The numbers may offer some direction for Stephen Harper, and his hand-wringing over what to do. The Conservatives had a go at reforming the Senate, in an effort to fulfill a longstanding promise made by the Reform Party to hold Senate elections and enact term limits for the members of the upper chamber. That failed when the Supreme Court told them they would need to consult the provinces if they want to make any substantive changes. The party, however, has always said that if reform won't work, they're down with abolition.
Firebrand Quebecois libertarian Maxime Bernier, a junior minister in the government, came out swinging in favor of a referendum on abolition: "The only option we have is to try to abolish the Senate," he told reporters at a party convention last year.
And their supporters seem to agree. Over 60 percent of Conservative voters want a leader who will get behind turfing the red chamber and its crazy-long appointments. (Patrick Brazeau, unless he is convicted of a crime, could remain as a senator until 2049.)
The Liberals, on the other hand, want to maintain more-or-less the status quo.
Justin Trudeau is in favor of appointing better senators, by creating some sort of advisory body to help him pick qualified Canadians to sit in the cushy upper chamber, and he would stop requiring that his senators sit as Liberals. Beyond that, he wouldn't change all that much.
Trudeau already kicked out all of the senators from his caucus, yet those senators still choose to sit and vote as Liberals. Nevertheless, he says, having a Senate that is disconnected from the House of Commons means it can do real work.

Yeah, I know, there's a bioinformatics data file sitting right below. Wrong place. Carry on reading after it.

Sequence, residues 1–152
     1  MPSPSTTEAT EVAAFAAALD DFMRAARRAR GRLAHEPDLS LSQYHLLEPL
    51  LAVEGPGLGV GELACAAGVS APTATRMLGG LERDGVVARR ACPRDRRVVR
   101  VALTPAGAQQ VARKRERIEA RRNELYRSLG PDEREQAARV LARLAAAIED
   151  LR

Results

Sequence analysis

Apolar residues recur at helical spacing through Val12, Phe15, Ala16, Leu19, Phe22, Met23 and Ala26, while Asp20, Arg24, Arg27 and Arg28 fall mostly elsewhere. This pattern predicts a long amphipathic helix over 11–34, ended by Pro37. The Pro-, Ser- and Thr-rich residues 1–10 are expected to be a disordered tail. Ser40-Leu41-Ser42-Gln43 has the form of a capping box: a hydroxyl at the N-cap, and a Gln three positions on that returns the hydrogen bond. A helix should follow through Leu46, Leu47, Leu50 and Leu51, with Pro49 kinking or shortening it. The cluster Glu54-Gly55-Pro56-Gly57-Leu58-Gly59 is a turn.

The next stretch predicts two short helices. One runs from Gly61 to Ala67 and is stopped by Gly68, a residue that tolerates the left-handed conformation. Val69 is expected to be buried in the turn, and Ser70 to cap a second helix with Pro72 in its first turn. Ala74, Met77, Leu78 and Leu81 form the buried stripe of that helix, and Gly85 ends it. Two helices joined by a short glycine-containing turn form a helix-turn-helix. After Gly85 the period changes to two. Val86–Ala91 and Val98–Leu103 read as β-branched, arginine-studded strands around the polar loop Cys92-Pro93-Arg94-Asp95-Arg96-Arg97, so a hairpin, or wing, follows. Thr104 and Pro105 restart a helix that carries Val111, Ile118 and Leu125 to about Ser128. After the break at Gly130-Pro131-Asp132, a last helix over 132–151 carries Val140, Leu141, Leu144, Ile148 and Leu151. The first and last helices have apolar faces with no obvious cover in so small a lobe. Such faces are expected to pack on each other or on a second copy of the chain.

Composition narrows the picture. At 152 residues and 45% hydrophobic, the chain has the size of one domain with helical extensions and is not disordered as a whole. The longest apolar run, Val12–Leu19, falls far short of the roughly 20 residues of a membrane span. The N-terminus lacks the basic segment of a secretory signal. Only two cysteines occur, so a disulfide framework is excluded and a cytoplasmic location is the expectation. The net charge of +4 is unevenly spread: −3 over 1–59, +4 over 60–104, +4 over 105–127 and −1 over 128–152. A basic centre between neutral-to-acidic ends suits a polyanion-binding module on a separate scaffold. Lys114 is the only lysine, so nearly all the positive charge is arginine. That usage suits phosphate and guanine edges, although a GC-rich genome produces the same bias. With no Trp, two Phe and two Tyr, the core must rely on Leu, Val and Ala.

"The Senate needs to change," Trudeau told VICE in a sit-down interview about his democratic reform plans. "Quite frankly the Liberals are the only party with a plan to do that. Mr. Harper doesn't want to talk about it anymore and Mr. Mulcair is promising things that he knows he can't deliver."
Trudeau accuses the NDP of wanting messy constitutional battles over the Senate that will ultimately fail to fix the Senate at all.
The theory goes that, if a Prime Minister were to try to get the provinces onboard for abolition, a single hold-out—like Quebec or PEI, both of whom are wildly over-represented in the Senate—would block efforts to get rid of the upper chamber.
Yet advocates like Bernier and Mulcair might be on to something, if this Forum poll is any indication.
A majority in every area of the country, except Alberta, said not only would they support abolition, but that they'd be looking to line up behind a leader who promises to get it done. And the two areas of the country often cited as the hold-outs, Atlantic Canada and Quebec, are the most likely to say so—60 percent of the East Coast and 61 percent of Quebec.
One way or the other, whoever wins in October is going to have a headache on their hands. The Senate is currently one-fifth empty, and heavily stacked with Conservatives. Any efforts to abolish it—or, really, any effort to pass any legislation—will have to go through the upper chamber.
The poll, conducted between June 15 and 16, surveyed 1,281 randomly-selected Canadians and is considered accurate +/- 3 percent, 19 times out of 20.
Follow Justin Ling on Twitter